Seismometers are located at all but the Folger Passage Node (which is too noisy) comprising the seismograph network. Data from the seismometers are directed to the Incorporated Research Institutions for Seismology (Step-by-step instructions for viewing NEPTUNE Canada seismic data on IRIS) and the Geological Survey of Canada's National Seismograph Network where they are used, together with data from land-based instruments, to locate global seismicity and regional events around the Juan de Fuca plate. The data also allow for detailed studies to be conducted in locations where the instruments are installed. At Endeavour, the instruments provide the basis for interdisciplinary collaboration in the analyses of earthquake-related events at a mid-ocean ridge. (NEPTUNE Canada: An Invitation to Science, 2012).
Short Period Seismometers vs. Broadband Seismometers
Short period seismoters have a short natural frequency and a high resonant frequency, higher than most frequencies in a seismic wave. When an earthquake occurs, the displacement of a short period seismometer is proportional to the acceleration of the ground. This is why these instruments are also called accelerometers. These type of seismometers are designed to respond to frequencies of 1 Hz - 10 Hz, where amplitude of the strong ground motion would swamp a normal displacement seismometer. (QVS Data Program)
Above: Short Period Seismometer on the Seafloor.
Broadband seismometers have an inertial pendulum design with a force feedback mechanism. These type of seismometers are designed to respond to frequencies of 0.1 Hz - 1 Hz. Seismic signals in this range can be hindered by "microseisms" which are natural background noise that include action of storm waves and deep swells at sea. Waves hitting a beach or interference of waves over deep water are sources of low amplitude seismic noise. Broadband seismometers have a large dynamic range, which is the range between the strongest and weakest signals and that are recorded by the instrument without distortion. For broadband seismometers, the dynamic range extends from ground noise up to string acceleration that comes from major earthquakes. (QVS Data Program).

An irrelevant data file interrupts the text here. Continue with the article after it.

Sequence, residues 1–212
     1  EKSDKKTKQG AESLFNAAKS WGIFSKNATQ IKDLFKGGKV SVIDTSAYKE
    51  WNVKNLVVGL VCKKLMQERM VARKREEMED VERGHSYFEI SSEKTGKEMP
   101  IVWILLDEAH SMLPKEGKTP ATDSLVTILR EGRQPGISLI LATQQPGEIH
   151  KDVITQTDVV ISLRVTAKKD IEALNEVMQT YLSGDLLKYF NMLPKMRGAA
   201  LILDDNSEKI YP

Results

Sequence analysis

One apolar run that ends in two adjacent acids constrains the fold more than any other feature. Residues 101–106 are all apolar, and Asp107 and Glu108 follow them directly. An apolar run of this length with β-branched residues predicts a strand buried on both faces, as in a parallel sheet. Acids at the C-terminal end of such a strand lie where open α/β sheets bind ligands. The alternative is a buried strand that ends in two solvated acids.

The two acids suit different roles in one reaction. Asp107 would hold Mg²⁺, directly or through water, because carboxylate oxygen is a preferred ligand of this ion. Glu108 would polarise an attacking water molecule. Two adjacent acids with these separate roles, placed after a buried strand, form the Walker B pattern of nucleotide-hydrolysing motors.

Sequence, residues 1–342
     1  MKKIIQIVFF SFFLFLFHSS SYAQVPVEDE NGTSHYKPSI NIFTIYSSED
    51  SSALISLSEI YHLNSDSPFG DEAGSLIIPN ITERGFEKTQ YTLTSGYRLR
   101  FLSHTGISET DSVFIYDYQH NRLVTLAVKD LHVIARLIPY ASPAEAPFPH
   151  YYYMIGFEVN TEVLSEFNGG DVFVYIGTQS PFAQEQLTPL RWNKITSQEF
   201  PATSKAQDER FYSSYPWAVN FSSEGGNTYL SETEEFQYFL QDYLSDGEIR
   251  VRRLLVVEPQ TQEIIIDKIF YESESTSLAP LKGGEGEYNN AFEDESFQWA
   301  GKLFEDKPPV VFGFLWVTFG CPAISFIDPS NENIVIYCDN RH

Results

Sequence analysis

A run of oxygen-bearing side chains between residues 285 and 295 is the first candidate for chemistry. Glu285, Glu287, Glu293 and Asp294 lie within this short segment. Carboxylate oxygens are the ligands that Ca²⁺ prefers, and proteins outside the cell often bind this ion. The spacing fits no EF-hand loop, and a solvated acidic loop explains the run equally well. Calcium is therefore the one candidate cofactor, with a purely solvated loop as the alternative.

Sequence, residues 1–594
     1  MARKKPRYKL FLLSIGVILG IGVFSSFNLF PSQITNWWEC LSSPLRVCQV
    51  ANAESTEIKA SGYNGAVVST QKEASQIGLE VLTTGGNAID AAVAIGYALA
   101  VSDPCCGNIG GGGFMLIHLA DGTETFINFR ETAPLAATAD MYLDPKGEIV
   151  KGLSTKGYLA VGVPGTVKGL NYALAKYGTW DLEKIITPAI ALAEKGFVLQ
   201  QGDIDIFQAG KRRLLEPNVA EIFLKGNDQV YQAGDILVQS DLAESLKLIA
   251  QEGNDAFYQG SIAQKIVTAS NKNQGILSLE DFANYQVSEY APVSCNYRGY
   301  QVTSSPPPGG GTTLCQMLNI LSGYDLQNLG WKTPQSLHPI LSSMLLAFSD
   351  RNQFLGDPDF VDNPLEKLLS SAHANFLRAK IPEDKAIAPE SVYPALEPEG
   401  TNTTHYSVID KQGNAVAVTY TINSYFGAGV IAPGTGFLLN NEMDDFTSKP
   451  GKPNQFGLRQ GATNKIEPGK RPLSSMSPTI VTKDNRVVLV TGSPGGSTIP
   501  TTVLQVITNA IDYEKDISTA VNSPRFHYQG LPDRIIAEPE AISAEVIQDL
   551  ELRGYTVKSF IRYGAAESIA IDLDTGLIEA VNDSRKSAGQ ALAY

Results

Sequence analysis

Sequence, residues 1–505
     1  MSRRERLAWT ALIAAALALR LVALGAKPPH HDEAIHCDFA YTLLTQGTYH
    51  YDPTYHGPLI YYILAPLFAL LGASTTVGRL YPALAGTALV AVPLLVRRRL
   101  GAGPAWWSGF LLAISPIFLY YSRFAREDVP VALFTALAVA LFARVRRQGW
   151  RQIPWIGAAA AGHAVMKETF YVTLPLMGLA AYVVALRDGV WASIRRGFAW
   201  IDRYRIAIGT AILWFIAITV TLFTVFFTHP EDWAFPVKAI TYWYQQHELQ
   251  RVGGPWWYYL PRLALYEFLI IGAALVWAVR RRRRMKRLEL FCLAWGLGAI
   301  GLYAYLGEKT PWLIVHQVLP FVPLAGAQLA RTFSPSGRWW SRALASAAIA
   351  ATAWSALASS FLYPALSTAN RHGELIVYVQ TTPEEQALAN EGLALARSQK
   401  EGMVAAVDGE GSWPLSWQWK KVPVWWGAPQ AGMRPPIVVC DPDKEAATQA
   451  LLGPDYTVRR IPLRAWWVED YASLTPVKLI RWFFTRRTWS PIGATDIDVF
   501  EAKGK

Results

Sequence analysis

Guralp Broadband Seismometer Ocean Bottom System (OBS)
The Guralp Systems' Ocean Bottom System (OBS) is a multi-sensor unit comprising:
- a CMG-5T triaxial true broadband feedback strong motion (+/-2g) accelerometer
- a CMG-1T triaxial true broadband (360s-50Hz) feedback seismometer
- a CMG-EAM enhanced acquisition and communications module
- GSL's 'Virtual Sphere' microprocessor-controlled orientation and levelling system
All components of the Ocean Bottom System (OBS) are encased in a cast titanium sphere capable of 3000m deployment. A submersible 25-pin provides inputs for an external Nortek Current Meter and a Differential Pressure Gauge. These instruments comprise the "Auxiliary Platform" of the Broadband Seismometer system.This auxiliary platform holds a back-up battery to power the seismometer in event of a power outage. Additionally, the Nortek Aquadopp current meter and a differential pressure gauge can be used to help seismologists detect and remove current, tides and wave signatures from seismic data.
Above: Guralp Ocean Bottom System (OBS) is a cast titanium sphere that encases the broadband seismometer and accelerometer instruments.
Bottom Pressure Recorders installed with Short Period Seismometers
In September 2011, a BPR instrument was installed at Endeavour RC North with a Short Period Seismometer (SPS). The logging units of the BPR share the can and the battery with the SPS electronics. The Paroscientific Pressure Gauge sits in its own pressure housing and has a connector to the SPS can. This combined BPR/SPS system will also be installed at Endeavour Mothra in Summer 2013.
Related Seismometer Blog Posts
Reports and publications relevant to seismomters installed on NEPTUNE Observatory
NEPTUNE Seismometer relevant reports and publications (You have to be logged in to access this information)